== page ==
The ants are 6 inches tall and made from the Micromondo collection. I made furniture, drapery etc. – everything a fully appointed ant penthouse needs – from the new wools, velvets and linens as well as many of the classic patterns – the blue and bronze above is one of my favorites. I also made ant art – I got super into the art making – and family portraits – lots of tiny details.
He’s a mischievous cat….. I’m so happy to share the sewing pattern with you today – you can find it in the shop right here. And in celebration of his debut when you purchase mr. socks with any additional pattern or patterns before Monday you can use discount code: socks For 20% off your entire purchase. The discount will expire at Midnight this Sunday 12/4.
PS – If you are purchasing on Etsy the code is HELLOSOCKS
What adventures will your mr. socks have? I’d love to see! You can email photos to me at info at ann wood handmade dot com, share them on flickr or use #mrsocks on instagram.
I get pretty excited when I finish a sewing pattern. They take forever and parts of it are deeply tedious. Usually at some point along the way it feels like it will never be done and I have to swim through a torturous spell. And then all of a sudden there’s a surge of momentum and it’s done. I’m going to bask in the glow of completion for a day and then dive in to making another – what do you think it should be?
Miniature fascinates me – we’ve talked about it before. It fascinates and delights me – takes me to that marvelous creative place where time and self-consciousness completely disappear – I can lose myself for hours and hours. I began to create a very particular miniature world, with very particular inhabitants more than a year ago and I can finally show it to you next week. It’s been one of my most favorite projects of all time.
Just lately that little world got ready for the holidays – and of course it needed poinsettias, pink and white poinsettias.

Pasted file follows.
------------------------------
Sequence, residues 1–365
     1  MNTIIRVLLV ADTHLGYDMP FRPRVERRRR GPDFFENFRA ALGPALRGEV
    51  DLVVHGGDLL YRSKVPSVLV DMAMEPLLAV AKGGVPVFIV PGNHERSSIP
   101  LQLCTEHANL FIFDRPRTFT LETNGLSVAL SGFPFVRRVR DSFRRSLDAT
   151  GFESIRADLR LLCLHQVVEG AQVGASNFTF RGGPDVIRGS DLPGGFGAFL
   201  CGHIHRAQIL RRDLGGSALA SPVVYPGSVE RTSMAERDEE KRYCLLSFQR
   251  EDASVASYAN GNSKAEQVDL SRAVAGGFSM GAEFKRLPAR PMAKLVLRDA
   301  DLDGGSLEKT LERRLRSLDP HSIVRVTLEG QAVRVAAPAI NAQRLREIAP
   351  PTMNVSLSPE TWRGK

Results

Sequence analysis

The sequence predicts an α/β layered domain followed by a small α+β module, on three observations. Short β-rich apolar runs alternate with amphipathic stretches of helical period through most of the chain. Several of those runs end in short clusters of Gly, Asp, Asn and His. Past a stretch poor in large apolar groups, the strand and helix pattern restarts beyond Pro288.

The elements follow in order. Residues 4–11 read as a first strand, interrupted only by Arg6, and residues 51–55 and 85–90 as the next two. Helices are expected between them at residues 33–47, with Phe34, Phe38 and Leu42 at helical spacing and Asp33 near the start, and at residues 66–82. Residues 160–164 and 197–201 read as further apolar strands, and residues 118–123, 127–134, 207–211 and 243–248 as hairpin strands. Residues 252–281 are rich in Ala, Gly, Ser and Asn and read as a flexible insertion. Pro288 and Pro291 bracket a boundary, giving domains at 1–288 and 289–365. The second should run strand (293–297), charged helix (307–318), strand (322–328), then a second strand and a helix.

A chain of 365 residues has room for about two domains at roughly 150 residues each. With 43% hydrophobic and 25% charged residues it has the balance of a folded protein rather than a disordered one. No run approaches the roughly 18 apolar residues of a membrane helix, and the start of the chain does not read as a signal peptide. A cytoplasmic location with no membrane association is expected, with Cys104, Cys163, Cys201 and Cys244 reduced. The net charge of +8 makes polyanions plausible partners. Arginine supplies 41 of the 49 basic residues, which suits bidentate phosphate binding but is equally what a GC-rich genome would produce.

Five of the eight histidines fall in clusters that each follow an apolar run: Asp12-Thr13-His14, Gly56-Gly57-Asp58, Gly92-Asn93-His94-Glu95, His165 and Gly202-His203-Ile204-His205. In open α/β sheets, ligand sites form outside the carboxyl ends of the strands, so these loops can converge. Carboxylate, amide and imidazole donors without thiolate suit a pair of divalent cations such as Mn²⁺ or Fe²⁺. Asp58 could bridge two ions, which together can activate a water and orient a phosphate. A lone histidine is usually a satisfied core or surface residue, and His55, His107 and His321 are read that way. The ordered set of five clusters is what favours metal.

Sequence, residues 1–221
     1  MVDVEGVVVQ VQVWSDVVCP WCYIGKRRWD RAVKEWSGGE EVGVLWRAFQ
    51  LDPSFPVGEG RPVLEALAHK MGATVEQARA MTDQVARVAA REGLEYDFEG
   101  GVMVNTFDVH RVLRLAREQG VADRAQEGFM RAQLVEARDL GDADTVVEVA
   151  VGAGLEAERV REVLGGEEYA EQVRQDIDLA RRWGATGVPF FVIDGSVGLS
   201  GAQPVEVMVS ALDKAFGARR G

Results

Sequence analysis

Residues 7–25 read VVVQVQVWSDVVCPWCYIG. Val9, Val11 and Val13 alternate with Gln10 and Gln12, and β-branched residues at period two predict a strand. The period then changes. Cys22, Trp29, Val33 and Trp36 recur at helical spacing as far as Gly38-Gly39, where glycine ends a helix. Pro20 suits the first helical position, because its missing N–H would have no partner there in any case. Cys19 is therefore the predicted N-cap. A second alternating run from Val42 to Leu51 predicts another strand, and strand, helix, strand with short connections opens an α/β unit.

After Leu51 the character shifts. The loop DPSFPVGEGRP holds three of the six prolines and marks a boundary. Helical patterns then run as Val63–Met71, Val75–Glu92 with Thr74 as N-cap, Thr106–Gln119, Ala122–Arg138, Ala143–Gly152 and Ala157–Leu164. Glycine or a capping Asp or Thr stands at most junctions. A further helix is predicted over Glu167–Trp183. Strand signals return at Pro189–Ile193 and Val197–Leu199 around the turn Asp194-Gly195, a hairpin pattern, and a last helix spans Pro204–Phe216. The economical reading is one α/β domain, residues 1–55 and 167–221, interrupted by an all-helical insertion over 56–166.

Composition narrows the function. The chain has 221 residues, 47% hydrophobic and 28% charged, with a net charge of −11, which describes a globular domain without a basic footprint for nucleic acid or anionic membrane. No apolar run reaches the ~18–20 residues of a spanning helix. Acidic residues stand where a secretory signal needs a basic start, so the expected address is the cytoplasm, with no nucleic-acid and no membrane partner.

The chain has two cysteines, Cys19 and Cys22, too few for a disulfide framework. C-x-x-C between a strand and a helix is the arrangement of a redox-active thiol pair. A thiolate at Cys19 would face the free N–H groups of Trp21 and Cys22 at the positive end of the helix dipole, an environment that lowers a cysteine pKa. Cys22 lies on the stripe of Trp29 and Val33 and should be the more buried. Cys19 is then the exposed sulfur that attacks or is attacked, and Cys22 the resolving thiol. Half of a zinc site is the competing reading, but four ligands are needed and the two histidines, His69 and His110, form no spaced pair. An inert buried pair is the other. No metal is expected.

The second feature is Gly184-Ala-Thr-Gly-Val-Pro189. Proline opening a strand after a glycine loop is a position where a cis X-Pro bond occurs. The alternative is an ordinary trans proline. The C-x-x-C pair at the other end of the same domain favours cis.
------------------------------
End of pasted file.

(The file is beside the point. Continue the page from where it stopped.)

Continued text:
They are made from crepe paper – I painted it just the right shade of pink. Tip – adding water and rubbing alcohol to acrylic paint makes it penetrate crepe paper much better – you can get clear, bright and translucent color.
There are a couple previews of the recently festivised version of the project below and more to come next week.
PS – The vinegar, citrus, clove cleaner I made is awesome – smells good – and works great. I’m pretty pleased.
PPS – The mr. socks pattern is imminent – probably tomorrow – just finished up a couple last minute reshoots today – crammed into the one corner of my place where I can get some light on a rainy day.
I don’t bake anymore- at least not very often – because I can’t control myself around baked goods. At all. So I have to limit my exposure. One of the things I miss about it are the fabulous smells – especially this time of year. Cloves are a favorite and lately I started simmering cloves in a crock pot – I throw in citrus peels too if I have them. I tried adding cinnamon – that was a little too much for me. But the cloves are magnificent – a warm, clean smell – just enough – and I’m surprised at how much it affects my mood. It’s such a simple and pretty much free thing that brings me a lot of happiness.
And if some is good – more is better. I’m experimenting with homemade clove citrus cleaner. I Googled recipes and it could not be simpler to make – add white vinegar and citrus peels to a jar along with optional spices – cloves in my case because of the new clove obsession.
Full disclosure – I don’t know if it works yet. My jar has been sitting for about a week and I’ll test it out in about another. I’ll let you know how it turns out. Have you tried this? I clean with vinegar often but hate the smell – so I thought it was worth a shot. Plus it looks pretty.
Another simple and happy and pretty inexpensive thing that brings me lots of joy – my plants. Potted plants and stuff I pick up in the park and plop in water – sprigs of white pine etc. Most of the potted plants were given to me or found abandoned on the sidewalk in Brooklyn. The one exception is the Norfolk Pine. I spent 30 bucks on it 3 years ago to serve as a christmas tree. It will again this year too – I give it a shower about every ten days and coffee every once in a while – it loves it.
In other news – the mr. socks pattern is getting close – maybe next week or right after Thanksgiving. You can sign up here if you’d like and email when the patterns is available.
There are a couple mr. socks prototypes in the shop right now along with several new green shoed tiny ladies. Also – this is the last time the tiny dolls will be offered at their current price – there is just too much time in the fully wardrobed little dolls so if I do make more there will be a significant price increase.